not enough material gathered from the second portion to measure its melting point.
Equation 2 shows the calculation of the theoretical yield of acetaminophen, which comes out to be
2.1g. The amount of crude acetaminophen retrieved was 1.46g. There should also be an equation that

shows the percent yield of the final portion of acetaminophen, but this was not possible because of the
small amount of substance retrieved.
Equation 2. Theoretical yield of acetaminophen
1.5g p-aminophenol * 1mol = .014mol p-aminophenol
1.7mL acetic anhydride * 1.1g * 1mol = .018mol acetic anhydride
mL 102.09g
P-aminophenol has fewer moles and is therefore the limiting reagent.
P-aminophenol and acetaminophen are in a 1:1 ratio in this reaction so:
.014mol p-aminophenol = .014mol acetaminophen
.014mol acetaminophen * 151.16g = 2.1g acetaminophen
This experiment utilized a reaction where an amide (acetaminophen) was synthesized from an
amine (p-aminophenol) and an acid anhydride (acetic anhydride). This is an acetylation reaction, where
an acetyl group is substituted for an active hydrogen.2 Once this mixture was created, it was heated so
that it would go to completion. If this did not happen, some of the p-aminophenol may have remained in
its solid state rather than reacting with the acetic anhydride. After thorough heating, the solution was
cooled so that acetaminophen could crystallize. The crystals and the solution were in were put through a
Bchner funnel and then dried with vacuum filtration. This was done to remove any excess liquids from
the acetaminophen. After the crystals were dried, it was noted that they were light-brown. This was due
to oxidation of the p-aminophenol. The crystals were combined with sodium dithionite, which reduces
double bonds in the colored substance to create a colorless substance.3 A recrystallization process was
also conducted to attempt to purify the acetaminophen further. In this process, hot solvent was added to
the acetaminophen until it dissolved. The solution was then slowly cooled. As it cooled, selective
crystallization formed crystals of acetaminophen while the small amounts of impurities remained in
solution. This creates a mostly pure form of acetaminophen.4

When our vacuum filtration apparatus was tipped, a very large amount of product was lost. The
apparatus should have been clamped to something to stop this from happening. Further loss of product
may have occurred elsewhere as well. The initial reaction may not have carried through to completion, so
some product may have been lost there. It is also likely that some product was lost when it was filtered
through the Bchner funnel. If it had not crystallized yet, it may have been too small to have been
stopped by the filter. This was especially true in the second filtration, where a substance that appeared to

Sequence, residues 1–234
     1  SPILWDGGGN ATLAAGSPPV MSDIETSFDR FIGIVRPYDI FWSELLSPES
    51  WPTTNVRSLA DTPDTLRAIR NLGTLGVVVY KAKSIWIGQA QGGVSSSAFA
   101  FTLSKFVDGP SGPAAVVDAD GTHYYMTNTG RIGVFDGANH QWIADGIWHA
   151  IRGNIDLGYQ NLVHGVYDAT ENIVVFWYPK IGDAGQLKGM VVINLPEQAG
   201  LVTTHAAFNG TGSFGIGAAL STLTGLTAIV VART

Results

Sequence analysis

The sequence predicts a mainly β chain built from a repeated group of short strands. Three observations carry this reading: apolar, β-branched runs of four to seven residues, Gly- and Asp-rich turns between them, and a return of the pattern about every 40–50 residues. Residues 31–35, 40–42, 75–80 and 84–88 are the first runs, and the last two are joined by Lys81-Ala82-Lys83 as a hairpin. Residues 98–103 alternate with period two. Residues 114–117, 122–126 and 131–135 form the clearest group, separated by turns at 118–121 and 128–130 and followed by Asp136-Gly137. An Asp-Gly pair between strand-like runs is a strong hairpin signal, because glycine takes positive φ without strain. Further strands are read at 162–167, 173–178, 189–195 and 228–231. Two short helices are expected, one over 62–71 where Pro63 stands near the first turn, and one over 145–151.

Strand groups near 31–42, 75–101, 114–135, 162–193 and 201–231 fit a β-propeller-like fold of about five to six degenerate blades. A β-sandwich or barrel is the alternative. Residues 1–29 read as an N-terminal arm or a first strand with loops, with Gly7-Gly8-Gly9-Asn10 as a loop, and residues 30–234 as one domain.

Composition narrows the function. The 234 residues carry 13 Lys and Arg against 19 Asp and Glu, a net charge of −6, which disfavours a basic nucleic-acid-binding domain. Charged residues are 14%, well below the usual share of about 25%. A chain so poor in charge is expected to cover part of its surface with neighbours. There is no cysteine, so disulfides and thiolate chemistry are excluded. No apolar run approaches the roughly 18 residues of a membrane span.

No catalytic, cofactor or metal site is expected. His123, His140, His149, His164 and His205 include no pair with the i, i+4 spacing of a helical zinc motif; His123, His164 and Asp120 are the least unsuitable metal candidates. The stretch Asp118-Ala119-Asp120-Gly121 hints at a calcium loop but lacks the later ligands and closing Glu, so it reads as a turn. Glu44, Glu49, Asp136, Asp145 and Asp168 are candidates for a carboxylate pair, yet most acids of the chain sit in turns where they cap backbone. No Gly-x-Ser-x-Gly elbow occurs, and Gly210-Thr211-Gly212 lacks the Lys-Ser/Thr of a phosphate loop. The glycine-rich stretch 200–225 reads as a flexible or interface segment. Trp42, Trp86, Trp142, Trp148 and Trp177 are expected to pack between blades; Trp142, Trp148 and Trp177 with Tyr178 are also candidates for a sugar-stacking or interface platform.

be product was seen slowly filtering down. Filters with smaller openings could have been used to reduce
this loss. Some product was also lost during the recrystallization process. The method of this process
dictates that not all of the dissolved product can be recovered because some of the pure product must be
lost along with the impure substances.5 It was also important to add just enough of the hot solvent to
dissolve the solid and no more, because too much would cause more product to remain in solution.
Determining the correct amount of solvent can be difficult thing to do, and it could very well be that too
much was added to the acetaminophen.
Another source of error in this experiment could have come in measuring the melting point of the
acetaminophen. The observed melting point range for crude acetaminophen was 174C-180C. The
melting-point range of crude substances is usually much more spread out. An error may have occurred in
determining when melting began. While it was easy to see that the all of the crystals became liquid at the
endpoint, it was more difficult to see when the crystals began to melt. It is more likely that they began to
melt closer to 160C, creating a 20 melting-point range.
The experiment was somewhat successful because it is likely that a small amount of pure
acetaminophen was synthesized and gathered. While the white color indicates this, it cannot be verified
because it was not possible to determine a melting point of the substance.
4. If 1.30 g of p-aminophenol is allowed to react with excess acetic anhydride, what is the theoretical
yield of acetaminophen in moles? In grams? Show your work!
1.30g p-aminophenol * 1mol = .0119mol p-aminophenol
.0119mol p-aminophenol = .0119mol acetaminophen (theoretical yield in moles)

.0119mol acetaminophen * 151.16 g = 1.80 g acetaminophen (theoretical yield in grams)

5. Give two reasons why the crude product in most reactions is not pure.
a) Both the reactants and products are allowed to interact with atmosphere, which will lead to impurities
being introduced into the system.
b) It could be that the reaction did not complete, so there may still be intermediate substances in the
1. Sigma Aldrich. Date accessed: September 13,
2. The Free Dictionary. Date accessed: September 20,
3. Pavia, Lampman, Kriz, Engel. Organic Chemistry Laboratory Manual. 2009. Pg 11.
4. Pavia, Lampman, Kriz, Engel. Techniques in the Organic Laboratory. 2002. Pg 139.
5. Pavia, Lampman, Kriz, Engel. Techniques in the Organic Laboratory. 2002. Pg 142.